Government perilously close to calling in IMF, report warns
Report warns Lenihan may have to call in outside help
TAOISEACH Brian Cowen last night insisted he would fight on -- but his economic woes deepened as a major new report warned the country was perilously close to calling in outside help from the EU or the IMF.
After a disastrous three days, Mr Cowen offered little comfort to disgruntled Fianna Fail backbenchers as he failed to outline what changes he would make to his leadership, communications and lifestyle as a result of his 'Morning Ireland' interview debacle.
But the persistent grumbling over his leadership was overshadowed last night by two new economic blows.
The cost of borrowing for the country moved higher again on international bond markets, after falling back following last week's government decision to split Anglo Irish Bank.
And a report from Barclays, one of Europe's largest banks, said Ireland may yet need financial help from the IMF or the EU if conditions got any worse.
But a spokesman for Finance Minister Brian Lenihan said last night: "The Government's strategy for dealing with the economic and financial challenges has been commended by the EU Commission, the European Central Bank and many other international experts.
"This strategy is at an advanced stage and is being implemented in an extremely open and transparent manner."
Barclays said: "In the coming months the Government may need to seek outside help."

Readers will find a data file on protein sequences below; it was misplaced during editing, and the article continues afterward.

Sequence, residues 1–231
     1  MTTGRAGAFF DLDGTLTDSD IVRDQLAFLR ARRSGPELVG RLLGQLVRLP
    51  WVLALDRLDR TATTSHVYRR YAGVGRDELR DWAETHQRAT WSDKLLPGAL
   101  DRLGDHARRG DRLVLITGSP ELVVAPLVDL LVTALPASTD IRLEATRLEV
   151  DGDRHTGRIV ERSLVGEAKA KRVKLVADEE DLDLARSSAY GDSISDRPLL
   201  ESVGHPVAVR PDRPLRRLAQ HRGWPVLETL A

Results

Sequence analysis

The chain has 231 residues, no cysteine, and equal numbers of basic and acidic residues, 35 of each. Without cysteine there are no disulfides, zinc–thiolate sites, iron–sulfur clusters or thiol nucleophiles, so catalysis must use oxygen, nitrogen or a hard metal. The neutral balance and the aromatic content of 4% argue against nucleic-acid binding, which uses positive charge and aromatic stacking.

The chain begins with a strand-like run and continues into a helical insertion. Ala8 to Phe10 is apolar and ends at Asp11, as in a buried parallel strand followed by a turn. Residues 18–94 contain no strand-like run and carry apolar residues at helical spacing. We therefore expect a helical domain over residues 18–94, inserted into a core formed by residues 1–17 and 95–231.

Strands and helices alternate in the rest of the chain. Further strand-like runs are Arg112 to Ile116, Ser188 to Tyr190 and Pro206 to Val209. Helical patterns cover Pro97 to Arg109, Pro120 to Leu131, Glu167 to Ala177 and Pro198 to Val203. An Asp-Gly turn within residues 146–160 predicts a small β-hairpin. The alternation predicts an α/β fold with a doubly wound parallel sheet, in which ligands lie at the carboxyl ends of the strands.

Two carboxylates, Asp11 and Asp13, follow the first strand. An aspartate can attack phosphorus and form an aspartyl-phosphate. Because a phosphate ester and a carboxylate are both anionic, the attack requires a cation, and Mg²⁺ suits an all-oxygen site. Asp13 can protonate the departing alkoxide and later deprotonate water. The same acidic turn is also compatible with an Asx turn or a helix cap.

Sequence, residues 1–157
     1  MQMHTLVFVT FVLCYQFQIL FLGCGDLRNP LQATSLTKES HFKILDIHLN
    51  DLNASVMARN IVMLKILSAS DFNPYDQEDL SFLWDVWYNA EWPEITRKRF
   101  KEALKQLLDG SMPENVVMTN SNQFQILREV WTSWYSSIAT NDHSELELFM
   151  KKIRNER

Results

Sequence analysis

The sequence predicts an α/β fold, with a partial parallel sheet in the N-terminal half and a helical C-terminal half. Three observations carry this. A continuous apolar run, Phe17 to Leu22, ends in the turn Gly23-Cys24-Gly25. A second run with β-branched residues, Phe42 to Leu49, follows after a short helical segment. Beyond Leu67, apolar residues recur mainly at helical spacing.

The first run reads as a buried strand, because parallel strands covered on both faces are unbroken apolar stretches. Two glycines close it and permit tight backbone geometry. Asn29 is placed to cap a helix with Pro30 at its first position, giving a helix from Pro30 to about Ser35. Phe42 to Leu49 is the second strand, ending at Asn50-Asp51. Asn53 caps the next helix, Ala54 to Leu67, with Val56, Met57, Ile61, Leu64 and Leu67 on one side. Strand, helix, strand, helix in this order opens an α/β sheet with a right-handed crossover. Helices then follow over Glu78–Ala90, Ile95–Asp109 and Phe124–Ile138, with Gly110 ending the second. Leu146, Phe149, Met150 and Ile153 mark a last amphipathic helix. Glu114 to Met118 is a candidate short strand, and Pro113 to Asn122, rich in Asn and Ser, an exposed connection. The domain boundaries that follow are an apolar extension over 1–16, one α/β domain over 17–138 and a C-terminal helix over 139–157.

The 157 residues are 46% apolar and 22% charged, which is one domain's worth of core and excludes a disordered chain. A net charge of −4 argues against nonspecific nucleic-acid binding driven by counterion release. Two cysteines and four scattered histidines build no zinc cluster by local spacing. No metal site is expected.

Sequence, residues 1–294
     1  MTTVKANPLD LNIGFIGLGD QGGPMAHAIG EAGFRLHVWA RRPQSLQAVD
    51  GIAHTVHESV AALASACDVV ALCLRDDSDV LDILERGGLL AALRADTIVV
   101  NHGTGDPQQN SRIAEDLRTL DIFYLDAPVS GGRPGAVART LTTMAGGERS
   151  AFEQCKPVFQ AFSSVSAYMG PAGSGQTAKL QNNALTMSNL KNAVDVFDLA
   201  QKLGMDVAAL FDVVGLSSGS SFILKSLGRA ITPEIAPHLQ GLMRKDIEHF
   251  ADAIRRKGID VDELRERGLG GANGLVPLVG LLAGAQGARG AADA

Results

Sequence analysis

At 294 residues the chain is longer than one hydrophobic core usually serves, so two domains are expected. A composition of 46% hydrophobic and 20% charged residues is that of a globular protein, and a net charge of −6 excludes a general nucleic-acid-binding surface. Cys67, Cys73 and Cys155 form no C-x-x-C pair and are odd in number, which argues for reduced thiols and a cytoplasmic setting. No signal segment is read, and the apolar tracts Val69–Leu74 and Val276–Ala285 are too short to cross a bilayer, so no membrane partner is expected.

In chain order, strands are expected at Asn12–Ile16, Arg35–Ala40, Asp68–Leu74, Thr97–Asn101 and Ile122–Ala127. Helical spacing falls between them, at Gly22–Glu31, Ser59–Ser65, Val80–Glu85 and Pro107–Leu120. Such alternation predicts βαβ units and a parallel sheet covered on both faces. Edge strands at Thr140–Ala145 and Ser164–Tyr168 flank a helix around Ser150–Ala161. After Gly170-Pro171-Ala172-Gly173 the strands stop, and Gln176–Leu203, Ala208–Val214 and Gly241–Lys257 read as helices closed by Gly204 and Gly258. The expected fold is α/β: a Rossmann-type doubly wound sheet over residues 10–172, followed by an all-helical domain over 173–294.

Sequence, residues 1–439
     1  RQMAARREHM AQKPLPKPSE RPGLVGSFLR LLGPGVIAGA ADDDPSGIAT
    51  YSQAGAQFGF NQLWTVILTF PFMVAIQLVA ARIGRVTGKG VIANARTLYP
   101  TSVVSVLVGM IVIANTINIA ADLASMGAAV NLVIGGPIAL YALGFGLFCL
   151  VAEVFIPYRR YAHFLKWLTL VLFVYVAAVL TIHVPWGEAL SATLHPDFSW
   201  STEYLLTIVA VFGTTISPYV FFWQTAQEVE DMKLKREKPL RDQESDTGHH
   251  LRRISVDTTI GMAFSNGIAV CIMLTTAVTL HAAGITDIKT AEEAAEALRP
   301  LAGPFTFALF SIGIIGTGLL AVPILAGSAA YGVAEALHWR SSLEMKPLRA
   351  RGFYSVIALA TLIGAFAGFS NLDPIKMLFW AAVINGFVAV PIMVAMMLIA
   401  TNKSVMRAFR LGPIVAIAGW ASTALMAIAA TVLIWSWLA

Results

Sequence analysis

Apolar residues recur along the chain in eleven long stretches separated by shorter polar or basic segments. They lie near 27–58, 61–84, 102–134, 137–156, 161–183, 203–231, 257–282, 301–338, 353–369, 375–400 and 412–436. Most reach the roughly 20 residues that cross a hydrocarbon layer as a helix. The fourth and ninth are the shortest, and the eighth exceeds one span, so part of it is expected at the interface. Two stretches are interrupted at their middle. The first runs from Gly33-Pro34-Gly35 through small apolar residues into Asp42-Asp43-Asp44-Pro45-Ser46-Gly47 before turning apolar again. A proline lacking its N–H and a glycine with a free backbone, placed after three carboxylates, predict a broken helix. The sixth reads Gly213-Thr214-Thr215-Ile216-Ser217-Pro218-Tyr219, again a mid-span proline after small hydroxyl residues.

While Ireland has raised most of the money it needs for this year, the cost of Anglo and the scale of the deficit meant any further financial shocks could push the country over the edge, the bank warned.
It said that there was little room for "further unexpected financial sector losses" and that Ireland was running out of economic room.
The highly influential bank also advised Ireland to do a "deal" with Anglo bondholders.
This could entail asking them to reduce the amount that they are owed in return for a partial stake in the bank.
Barclays said Ireland might apply for assistance from the IMF at some point in future if bank losses grow much bigger.
It said going to the IMF before that could "cause alarm" on the markets.
Ireland is expected to post a deficit of 25pc of GDP this year, when bank losses are added -- the largest in Europe.
Meanwhile, Ireland's borrowing costs continued to edge over 6pc last night as concern lingered over the financial position of the country. A plan from last week to split Anglo into two banks has failed to allay the concerns of traders.
Two ratings agencies have raised questions over how much support the State is likely to give Anglo Irish Bank if it goes into a wind-down arrangement.
Greece is the only eurozone country facing interest rates as high as Ireland. Portugal, while also under pressure, is still able to borrow more cheaply than Ireland.
The current high borrowing costs may drop if the Government can estimate the final likely cost of Anglo.
The level of uncertainty about Irish bank losses continues to be a major negative for Irish bonds.
Mr Cowen said the rising cost of borrowing was a reaction to the demand in the bond market.
"In relation to the bond spreads, they spread for all countries, as I understand it today," he said.
Mr Cowen was in Brussels at an EU summit with the Foreign Affairs Minister Micheal Martin.
The pair put on a united front in the wake of the key role that the minister played in forcing Mr Cowen to apologise for his disastrous interview.
The silence from the Fianna Fail backbenchers was an ominous sign for Mr Cowen as the saga continued to play badly among the public.
But Mr Cowen said firmly that he believed he had the support of the Fianna Fail TDs and senators to continue in the job.
"Yes, we don't expect a general election any day soon.
"We're in the process of working with a Government... on policies that are necessary for the recovery of the country. And our mandate is there until 2012," the Taoiseach said.
The Labour Party blamed Mr Cowen's infamous radio interview for the latest hike in Ireland's cost of borrowing.